Elephant Coffee

delicious
16. October 2012, from Redaktion
Black Ivory Coffee table service is available at Antantara Resorts and Spas. The coffee will be sold for 1,100 per bag (850 euro).
Anantara Golden Triangle Resort and Spa Thailand.
Antantara Kihavah Villas Maldives.
Antantara Kihavah Villas Maldives: here too you can sample Black Ivory Coffee.

In a world that’s grown mad about gourmet coffee, Anantara Hotels, Resorts and Spas have taken this fascination to a whole new level. They now offer a coffee that has – quite literally – been through an elephant.

 


 

For anyone with even a passing interest in gourmet coffees, the fuss made about Kopi Luwak (made with beans digested and excreted by the Asian Palm Civet) can hardly have escaped your attention. Kopi Luwak counts as the world’s most expensive coffee, costing up to 350 dollars per kilogram. The theory behind its unique taste is that digestive enzymes in the Civet break down the coffee proteins – which are responsible for the brew’s bitterness – resulting in a smoother taste.

 

For those wondering what on earth would prompt a human being to make coffee from beans pooped out by a small wild animal, the anecdote traditionally given involves natives of the Dutch East Indies. Prohibited from gathering coffee fruits during colonial times, somebody eventually stumbled on the idea of sidestepping the rule by using the beans left intact in Civet droppings for their morning brew, and Kopi Luwak was born.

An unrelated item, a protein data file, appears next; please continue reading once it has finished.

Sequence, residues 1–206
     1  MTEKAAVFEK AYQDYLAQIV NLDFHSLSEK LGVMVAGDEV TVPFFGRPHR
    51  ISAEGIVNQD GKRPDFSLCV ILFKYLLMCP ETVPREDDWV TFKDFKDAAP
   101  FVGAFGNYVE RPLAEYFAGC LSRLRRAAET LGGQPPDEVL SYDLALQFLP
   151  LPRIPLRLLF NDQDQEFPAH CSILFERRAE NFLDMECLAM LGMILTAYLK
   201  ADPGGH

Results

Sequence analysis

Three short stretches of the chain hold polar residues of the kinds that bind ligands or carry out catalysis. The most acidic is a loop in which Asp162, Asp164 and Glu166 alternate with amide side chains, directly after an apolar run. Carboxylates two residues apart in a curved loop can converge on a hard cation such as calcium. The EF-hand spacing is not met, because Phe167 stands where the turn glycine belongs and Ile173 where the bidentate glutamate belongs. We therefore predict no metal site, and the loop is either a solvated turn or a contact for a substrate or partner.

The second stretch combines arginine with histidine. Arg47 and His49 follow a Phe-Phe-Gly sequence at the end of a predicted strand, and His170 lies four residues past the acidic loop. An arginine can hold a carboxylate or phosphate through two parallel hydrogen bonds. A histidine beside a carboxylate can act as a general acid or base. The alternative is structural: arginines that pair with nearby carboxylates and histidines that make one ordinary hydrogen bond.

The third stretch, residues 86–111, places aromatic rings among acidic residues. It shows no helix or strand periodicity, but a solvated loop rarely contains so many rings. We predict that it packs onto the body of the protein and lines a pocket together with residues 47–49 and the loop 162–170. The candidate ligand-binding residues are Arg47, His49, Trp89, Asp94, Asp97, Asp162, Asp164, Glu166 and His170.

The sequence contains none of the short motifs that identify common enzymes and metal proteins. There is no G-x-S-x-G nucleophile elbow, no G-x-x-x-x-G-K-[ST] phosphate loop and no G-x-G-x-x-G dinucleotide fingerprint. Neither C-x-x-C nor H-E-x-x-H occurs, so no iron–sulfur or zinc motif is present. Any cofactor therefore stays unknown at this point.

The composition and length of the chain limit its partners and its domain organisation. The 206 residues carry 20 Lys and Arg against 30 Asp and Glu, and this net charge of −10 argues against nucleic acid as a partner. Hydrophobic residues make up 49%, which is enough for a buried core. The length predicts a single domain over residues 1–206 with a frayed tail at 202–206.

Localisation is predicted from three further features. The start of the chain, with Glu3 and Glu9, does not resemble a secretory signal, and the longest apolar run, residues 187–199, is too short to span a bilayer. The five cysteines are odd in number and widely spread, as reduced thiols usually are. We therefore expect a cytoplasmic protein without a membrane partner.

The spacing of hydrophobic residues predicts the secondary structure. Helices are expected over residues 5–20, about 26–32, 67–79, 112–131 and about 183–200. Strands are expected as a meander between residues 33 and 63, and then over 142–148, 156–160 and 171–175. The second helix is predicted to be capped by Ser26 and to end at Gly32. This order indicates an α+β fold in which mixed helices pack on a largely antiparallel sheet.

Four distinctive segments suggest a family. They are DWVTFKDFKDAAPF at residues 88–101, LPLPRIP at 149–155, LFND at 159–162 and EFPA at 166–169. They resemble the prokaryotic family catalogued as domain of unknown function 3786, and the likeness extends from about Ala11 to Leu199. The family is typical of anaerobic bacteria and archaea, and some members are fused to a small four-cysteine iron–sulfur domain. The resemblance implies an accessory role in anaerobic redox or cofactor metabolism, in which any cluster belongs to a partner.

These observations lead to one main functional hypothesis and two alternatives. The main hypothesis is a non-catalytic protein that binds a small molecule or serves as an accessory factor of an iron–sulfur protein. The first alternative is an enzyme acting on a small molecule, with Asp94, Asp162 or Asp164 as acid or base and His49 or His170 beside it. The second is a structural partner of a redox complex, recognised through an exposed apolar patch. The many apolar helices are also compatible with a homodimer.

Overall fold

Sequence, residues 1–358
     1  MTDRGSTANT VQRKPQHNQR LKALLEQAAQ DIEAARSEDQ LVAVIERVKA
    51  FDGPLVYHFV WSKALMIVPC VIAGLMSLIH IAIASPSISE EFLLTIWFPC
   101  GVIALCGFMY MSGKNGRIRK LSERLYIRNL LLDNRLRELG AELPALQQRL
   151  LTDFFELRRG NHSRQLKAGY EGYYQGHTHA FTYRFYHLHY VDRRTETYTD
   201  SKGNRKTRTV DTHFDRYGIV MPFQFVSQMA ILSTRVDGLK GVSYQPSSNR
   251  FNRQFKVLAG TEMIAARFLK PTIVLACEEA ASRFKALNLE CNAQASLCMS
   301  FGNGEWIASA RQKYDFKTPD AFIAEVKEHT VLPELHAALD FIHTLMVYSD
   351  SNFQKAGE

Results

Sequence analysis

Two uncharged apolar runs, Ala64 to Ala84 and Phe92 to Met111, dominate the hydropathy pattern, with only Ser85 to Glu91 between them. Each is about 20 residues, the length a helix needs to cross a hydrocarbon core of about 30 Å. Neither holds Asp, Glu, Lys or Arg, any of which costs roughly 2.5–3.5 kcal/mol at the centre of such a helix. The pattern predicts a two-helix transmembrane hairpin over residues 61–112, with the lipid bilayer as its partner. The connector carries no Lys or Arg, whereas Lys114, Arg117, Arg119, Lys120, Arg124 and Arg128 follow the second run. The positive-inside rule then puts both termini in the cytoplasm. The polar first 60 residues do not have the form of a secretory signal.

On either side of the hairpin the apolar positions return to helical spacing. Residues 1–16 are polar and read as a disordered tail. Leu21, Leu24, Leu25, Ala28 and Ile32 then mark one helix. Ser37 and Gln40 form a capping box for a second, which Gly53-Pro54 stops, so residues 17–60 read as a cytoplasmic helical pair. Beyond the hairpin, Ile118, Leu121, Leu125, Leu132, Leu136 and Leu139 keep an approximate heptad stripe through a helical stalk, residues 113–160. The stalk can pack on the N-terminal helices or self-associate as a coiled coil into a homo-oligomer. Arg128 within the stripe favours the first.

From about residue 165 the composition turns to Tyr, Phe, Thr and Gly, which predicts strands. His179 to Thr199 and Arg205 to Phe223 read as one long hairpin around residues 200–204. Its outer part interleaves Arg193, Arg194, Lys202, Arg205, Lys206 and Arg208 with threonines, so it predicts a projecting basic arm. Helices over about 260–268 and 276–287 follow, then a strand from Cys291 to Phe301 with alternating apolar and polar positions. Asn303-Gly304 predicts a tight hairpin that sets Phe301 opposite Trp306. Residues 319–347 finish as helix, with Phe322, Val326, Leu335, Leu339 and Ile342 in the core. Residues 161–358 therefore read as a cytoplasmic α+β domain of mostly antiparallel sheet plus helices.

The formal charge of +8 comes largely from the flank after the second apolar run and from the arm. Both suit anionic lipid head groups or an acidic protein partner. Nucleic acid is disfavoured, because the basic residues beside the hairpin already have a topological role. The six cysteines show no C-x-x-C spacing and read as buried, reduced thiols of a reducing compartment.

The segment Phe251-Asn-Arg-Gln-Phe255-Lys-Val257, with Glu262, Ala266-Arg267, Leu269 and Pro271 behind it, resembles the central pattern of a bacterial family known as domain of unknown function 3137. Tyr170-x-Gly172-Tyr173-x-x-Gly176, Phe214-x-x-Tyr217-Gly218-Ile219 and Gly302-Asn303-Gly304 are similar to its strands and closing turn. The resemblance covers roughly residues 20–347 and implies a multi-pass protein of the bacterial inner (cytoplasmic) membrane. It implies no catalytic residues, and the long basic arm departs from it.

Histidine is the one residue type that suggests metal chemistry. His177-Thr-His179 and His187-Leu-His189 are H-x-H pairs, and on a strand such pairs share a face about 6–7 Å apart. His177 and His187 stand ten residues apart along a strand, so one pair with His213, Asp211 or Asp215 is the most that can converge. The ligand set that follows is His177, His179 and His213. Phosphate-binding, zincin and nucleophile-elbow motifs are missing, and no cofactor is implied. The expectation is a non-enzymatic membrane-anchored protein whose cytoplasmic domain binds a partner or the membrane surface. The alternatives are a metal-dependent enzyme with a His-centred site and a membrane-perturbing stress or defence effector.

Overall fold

Expansion, err, moving up in the world, err… efficiency

 

One of the major drawbacks to Kopi Luwak is that the Asian Palm Civet is quite small, and has equally small droppings, making collecting and cleaning the beans a rather piddly job. It stood to reason that if a Palm Civet-digested bean was improvement, the same concept might hold true for other, larger animals – like elephants. Go big, or go home, we speculate…

 

This is exactly the concept behind Black Ivory Coffee. Grown at altitudes of approximately 1,500 meters, coffee berries are picked and then given to elephants in their food. Individual beans are then gathered by hand by the Mahouts (elephant trainers/caregivers) and their wives, and placed in the sun to dry. Considering that it takes around 10,000 beans to produce one kilogram of roasted coffee, it must still be a rather epic job collecting and cleaning all those elephant poops.

 

Enrich your life, enrich an elephant’s life

 

The coffee is refined at the Golden Triangle Asian Elephant Foundation in Thailand, an organization that has now rescued over 30 street elephants, their Mahout caregivers, and their families. 8% of proceeds from the coffee are invested back into the organization to provide care and veterinarian costs for the elephants.

 

Old Austrian technology for your enjoyment

 

Antantara Hotels, Resorts, and Spas provide guests wishing to try this unique brew with a special ceremony. Beans are ground fresh at the table, and brewed using the world’s finest (and most beautiful) coffee making technology. Developed in Austria in 1840, the balancing syphon used ensures beans are brewed at a consistent 93° Celsius during the four-minute process. Fifty one kilogram bags of Black Ivory Coffee will also be available for sale at 1,100 dollars (850 euro) each. Tangy.

 

 

For the curious, adventurous, or philanthropic, more information can be found on the Antantara Hotels, Resorts, and Spas homepage.

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